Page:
Previously, Jansen had contributed a section on pitching in The Sporting News 1951 publication How to Play Baseball Besides Jansen, the publication had other authors on specific topics: "Catching by Ray Schalk; Batting by Rogers Hornsby; Base Running by Bernie DeViveiros; First Base by George Sisler; Second Base by Rogers Hornsby; Shortstop by Honus Wagner; Third Base by George Kell; Outfield by Joe DiMaggio; and How to Umpire by George Barr"

Awards and honors

Jansen was inducted into the Oregon Sports Hall of Fame in 1980 Sports Illustrated selected Jansen as one of Oregon's Fifty Greatest Athletes in 2004

In 2010, Jansen was inducted into the Pacific Coast League Hall of Fame

Later life and death

After retiring from baseball, he returned to his hometown Verboort, Oregon, where he sold real estate and lived the remainder of his life in the house he had built in 1951

Lawrence Jansen died in his sleep in Verboort at the age of 89 on October 10, 2009 The cause of death was congestive heart failure and pneumonia Jansen was survived by Eileen, their ten children and their families

See also

  • List of Major League Baseball annual wins leaders

References

  1. ^ a b c d e f g h Fentress, Aaron October 12, 2009 "Local MLB legend, pitcher Larry Jansen passes away at 89 in his hometown of Verboort" The Oregonian OregonLivecom Retrieved October 13, 2009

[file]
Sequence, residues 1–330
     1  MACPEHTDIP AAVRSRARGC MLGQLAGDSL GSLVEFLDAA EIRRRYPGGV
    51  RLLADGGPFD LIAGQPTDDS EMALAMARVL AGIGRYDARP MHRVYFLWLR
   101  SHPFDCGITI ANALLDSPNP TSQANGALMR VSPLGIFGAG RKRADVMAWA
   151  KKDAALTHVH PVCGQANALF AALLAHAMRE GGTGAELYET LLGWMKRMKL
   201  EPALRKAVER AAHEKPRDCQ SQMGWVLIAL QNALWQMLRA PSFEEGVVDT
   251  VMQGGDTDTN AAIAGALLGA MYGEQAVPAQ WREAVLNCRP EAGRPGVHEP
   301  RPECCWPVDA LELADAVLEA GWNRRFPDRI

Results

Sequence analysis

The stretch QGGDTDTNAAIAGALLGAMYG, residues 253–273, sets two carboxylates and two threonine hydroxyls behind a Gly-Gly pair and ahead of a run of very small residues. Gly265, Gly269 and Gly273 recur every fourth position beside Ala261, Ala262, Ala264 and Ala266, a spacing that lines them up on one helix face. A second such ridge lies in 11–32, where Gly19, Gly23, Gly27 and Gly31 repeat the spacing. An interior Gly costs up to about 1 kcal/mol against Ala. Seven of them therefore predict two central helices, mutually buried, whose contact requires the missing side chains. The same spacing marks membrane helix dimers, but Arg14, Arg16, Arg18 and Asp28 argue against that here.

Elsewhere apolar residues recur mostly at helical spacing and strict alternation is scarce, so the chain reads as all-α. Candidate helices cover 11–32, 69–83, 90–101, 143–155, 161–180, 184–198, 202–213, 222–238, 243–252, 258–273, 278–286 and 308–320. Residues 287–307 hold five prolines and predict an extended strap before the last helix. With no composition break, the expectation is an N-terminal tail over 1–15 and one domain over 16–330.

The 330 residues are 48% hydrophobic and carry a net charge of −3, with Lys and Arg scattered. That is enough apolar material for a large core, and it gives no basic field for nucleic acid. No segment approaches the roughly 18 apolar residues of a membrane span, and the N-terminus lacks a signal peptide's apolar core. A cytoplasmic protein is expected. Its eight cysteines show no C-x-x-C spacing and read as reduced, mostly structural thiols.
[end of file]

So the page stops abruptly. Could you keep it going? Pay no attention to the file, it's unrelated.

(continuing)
2. ^ "Larry Jansen" Baseball-Referencecom Retrieved May 16, 2016 
  3. ^ a b c "Larry Jansen 1920-2009" Retrieved May 16, 2016 
  4. ^ a b Goldstein, Richard "Larry Jansen, Giants Pitcher, Died at 89" The New York Times, Wednesday, October 14, 2009
  5. ^ "How To Play Baseball By Larry Jansen; Ray Schalk; Rogers Hornsby; Bernie DeViveiros; George Sisler; Honus Wagner; George Kell; Joe DiMaggio; George Barr - Used Books - Paperback - 1951 - from Florida Mountain Book Co and Bibliocom" Bibliocom Retrieved May 16, 2016 
  6. ^ "Baseball" Inductees Oregon Sports Hall of Fame and Museum Archived from the original on 2016-03-04 Retrieved 2009-10-16 
  7. ^ "Larry Jansen Awards by Baseball Almanac" Retrieved May 16, 2016 

External links

  • Larry Jansen at Find a Grave
  • Career statistics and player information from Baseball-Reference
Preceded by
Bill Posedel
San Francisco Giants pitching coach
1961–1971
Succeeded by
Don McMahon
Preceded by
Mel Wright
Chicago Cubs pitching coach
1972–1973
Succeeded by
Hank Aguirre